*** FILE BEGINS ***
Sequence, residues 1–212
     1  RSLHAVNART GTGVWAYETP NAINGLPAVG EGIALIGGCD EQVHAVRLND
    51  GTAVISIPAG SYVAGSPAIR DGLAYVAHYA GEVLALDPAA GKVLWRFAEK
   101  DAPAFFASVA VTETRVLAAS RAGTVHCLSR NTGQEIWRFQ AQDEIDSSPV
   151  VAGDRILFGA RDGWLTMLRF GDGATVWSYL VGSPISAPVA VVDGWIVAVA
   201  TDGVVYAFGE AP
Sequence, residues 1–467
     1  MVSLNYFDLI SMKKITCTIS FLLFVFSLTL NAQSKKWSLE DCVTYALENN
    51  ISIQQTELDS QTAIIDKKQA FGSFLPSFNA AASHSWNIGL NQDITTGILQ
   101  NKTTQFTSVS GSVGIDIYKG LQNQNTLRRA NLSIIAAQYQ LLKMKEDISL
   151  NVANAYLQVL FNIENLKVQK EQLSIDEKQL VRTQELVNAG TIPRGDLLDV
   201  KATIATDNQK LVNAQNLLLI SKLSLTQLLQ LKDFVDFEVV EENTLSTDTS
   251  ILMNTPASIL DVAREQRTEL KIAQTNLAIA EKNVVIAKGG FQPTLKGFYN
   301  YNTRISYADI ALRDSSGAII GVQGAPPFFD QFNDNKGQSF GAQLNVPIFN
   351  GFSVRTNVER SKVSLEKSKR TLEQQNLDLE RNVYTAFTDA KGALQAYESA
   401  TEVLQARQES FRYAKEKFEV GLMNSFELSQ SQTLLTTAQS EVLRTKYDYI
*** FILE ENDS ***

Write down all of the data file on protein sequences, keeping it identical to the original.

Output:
Sequence, residues 1–212
     1  RSLHAVNART GTGVWAYETP NAINGLPAVG EGIALIGGCD EQVHAVRLND
    51  GTAVISIPAG SYVAGSPAIR DGLAYVAHYA GEVLALDPAA GKVLWRFAEK
   101  DAPAFFASVA VTETRVLAAS RAGTVHCLSR NTGQEIWRFQ AQDEIDSSPV
   151  VAGDRILFGA RDGWLTMLRF GDGATVWSYL VGSPISAPVA VVDGWIVAVA
   201  TDGVVYAFGE AP
Sequence, residues 1–467
     1  MVSLNYFDLI SMKKITCTIS FLLFVFSLTL NAQSKKWSLE DCVTYALENN
    51  ISIQQTELDS QTAIIDKKQA FGSFLPSFNA AASHSWNIGL NQDITTGILQ
   101  NKTTQFTSVS GSVGIDIYKG LQNQNTLRRA NLSIIAAQYQ LLKMKEDISL
   151  NVANAYLQVL FNIENLKVQK EQLSIDEKQL VRTQELVNAG TIPRGDLLDV
   201  KATIATDNQK LVNAQNLLLI SKLSLTQLLQ LKDFVDFEVV EENTLSTDTS
   251  ILMNTPASIL DVAREQRTEL KIAQTNLAIA EKNVVIAKGG FQPTLKGFYN
   301  YNTRISYADI ALRDSSGAII GVQGAPPFFD QFNDNKGQSF GAQLNVPIFN
   351  GFSVRTNVER SKVSLEKSKR TLEQQNLDLE RNVYTAFTDA KGALQAYESA
   401  TEVLQARQES FRYAKEKFEV GLMNSFELSQ SQTLLTTAQS EVLRTKYDYI